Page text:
(Belarusian-Ukrainian border) For weeks after Russian troops forcibly removed Nataliya Jornyk’s son from school last fall, she had no idea where he was. found nor of what had happened to him.

Then she received a phone call.

“Mom, come get me,” said her son, Artem, 15. He remembered his mother’s phone number and borrowed the school principal’s cell phone.

Nataliya Jornyk made him a promise: “When the fighting calms down, I will come. »

Artem and a dozen classmates had been picked up by Russian troops and transferred to a school in Russian-occupied Ukrainian territory.

While Nataliya Jornyk, 31, was relieved to know where her son was being held, reaching him would not be easy. They were on opposite sides of the front line as the war raged, and the crossings between Ukraine and Russian-occupied territory were closed.

But months later, when a neighbor brought one of her son’s classmates home, she learned of a charity that helped mothers bring their children home.

As it is now illegal for men of military age to leave Ukraine, Ms Jornyk and a group of women aided by Save Ukraine undertook a harrowing 5,000 kilometer journey through Poland, Belarus and Belarus in March. and Russia to enter Russian-occupied territories in eastern Ukraine and Crimea to retrieve Artem and 15 other minors.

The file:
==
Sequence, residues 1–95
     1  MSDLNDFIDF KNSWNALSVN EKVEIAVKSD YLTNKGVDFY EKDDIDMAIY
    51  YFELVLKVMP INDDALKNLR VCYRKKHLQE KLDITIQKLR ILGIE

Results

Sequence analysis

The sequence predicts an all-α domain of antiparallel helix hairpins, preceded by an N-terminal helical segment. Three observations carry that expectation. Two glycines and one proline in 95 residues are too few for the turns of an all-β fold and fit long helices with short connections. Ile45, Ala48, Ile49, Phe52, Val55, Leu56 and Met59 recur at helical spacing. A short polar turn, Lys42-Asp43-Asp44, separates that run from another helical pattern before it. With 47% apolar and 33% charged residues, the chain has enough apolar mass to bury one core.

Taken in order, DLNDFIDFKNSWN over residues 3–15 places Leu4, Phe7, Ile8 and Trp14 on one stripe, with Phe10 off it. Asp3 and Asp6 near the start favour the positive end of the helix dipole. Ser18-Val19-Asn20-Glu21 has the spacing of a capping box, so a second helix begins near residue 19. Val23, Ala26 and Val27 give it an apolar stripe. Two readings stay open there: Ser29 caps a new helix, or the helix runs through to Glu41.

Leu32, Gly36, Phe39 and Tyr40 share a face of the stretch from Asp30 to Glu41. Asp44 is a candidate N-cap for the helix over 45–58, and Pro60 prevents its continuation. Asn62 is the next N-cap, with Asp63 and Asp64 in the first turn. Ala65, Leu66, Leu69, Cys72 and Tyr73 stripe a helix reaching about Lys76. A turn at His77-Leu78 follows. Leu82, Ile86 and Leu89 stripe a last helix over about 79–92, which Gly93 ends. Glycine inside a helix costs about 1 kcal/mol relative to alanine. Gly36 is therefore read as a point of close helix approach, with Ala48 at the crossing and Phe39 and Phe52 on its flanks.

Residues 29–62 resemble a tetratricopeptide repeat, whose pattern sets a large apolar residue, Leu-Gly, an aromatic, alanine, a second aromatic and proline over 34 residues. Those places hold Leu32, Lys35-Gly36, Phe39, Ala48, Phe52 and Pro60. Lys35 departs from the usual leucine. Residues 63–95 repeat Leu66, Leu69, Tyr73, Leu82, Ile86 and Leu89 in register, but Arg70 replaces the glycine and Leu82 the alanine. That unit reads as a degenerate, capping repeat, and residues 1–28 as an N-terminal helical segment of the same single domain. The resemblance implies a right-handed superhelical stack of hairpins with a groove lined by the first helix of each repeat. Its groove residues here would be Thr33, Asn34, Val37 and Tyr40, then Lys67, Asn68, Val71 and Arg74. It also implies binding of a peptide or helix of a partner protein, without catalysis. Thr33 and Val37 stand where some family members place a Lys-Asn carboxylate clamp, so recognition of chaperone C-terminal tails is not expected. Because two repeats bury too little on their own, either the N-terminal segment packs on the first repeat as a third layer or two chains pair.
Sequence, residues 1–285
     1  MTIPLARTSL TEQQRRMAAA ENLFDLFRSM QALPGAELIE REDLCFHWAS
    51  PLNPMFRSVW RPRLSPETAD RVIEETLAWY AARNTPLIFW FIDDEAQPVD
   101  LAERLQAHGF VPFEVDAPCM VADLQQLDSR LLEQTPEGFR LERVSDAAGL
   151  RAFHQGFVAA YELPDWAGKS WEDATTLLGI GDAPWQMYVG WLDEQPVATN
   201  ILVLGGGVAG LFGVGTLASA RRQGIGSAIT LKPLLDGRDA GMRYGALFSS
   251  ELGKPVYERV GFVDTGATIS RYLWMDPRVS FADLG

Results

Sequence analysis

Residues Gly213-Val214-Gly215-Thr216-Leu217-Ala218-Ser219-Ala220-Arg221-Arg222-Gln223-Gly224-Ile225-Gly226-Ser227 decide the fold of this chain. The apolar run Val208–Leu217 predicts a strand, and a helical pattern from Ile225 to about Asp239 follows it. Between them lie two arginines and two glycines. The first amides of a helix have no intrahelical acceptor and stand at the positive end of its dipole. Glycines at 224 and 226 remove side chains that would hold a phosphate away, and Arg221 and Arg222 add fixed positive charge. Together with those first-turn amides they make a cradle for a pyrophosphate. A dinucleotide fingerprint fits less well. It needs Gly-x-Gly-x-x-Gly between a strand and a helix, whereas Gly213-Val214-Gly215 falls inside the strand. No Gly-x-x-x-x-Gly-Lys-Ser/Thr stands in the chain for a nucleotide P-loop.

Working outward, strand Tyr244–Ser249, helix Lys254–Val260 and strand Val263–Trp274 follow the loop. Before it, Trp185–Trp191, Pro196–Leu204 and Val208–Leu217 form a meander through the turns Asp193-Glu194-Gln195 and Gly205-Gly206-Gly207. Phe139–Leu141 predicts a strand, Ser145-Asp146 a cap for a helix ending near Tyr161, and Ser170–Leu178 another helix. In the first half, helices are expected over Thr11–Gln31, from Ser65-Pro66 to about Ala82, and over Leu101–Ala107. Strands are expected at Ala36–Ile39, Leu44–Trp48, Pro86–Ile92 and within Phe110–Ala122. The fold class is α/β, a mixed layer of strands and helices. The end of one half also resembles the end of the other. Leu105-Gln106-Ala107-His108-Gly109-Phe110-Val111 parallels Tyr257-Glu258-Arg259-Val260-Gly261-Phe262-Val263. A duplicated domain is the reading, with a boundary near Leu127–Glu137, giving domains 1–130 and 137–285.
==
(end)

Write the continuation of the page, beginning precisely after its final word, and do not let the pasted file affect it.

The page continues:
In the 13 months since the invasion, thousands of Ukrainian children and adolescents have been forcibly displaced or transferred to camps or settlements in Russia or Russian-controlled territories, operations that the Ukraine and rights advocates consider war crimes.

The fate of these children is the subject of a desperate standoff between Ukraine and Russia and is the basis of the arrest warrant issued last month by the International Criminal Court (ICC) accusing Russian President Vladimir Putin and Maria Lvova-Belova, its Children’s Rights Commissioner, of illegally transferring them.

Ukrainian authorities and human rights organizations describe the forced displacement as a plan to rob a generation of young Ukrainians, turn them into loyal Russian citizens and eradicate Ukrainian culture, which amounts to genocide, say -they.

No one knows the total number of Ukrainian minors who have been transferred to Russia or Russian-occupied Ukraine. The Ukrainian government has formally identified more than 19,000 minors it says were forcibly transferred or deported, but people working on the issue believe the real number is closer to 150,000.

Russia pleads that its transfer of children and teenagers is a humanitarian effort, describing it as a relief operation in a war zone, but it refuses to cooperate with Ukraine or international organizations to find a large number of between them. After the ICC issued the arrest warrant for Ms Lvova-Belova, she said the parents were free to pick up their children, but only 59 of them were waiting to go home — a claim that Ukrainian officials have deemed absurd.

For the thousands of children who have been transferred, sometimes from broken homes and disadvantaged families, being away from home for so long is a real ordeal. Some are in tears when they call family and cannot speak freely, their parents said.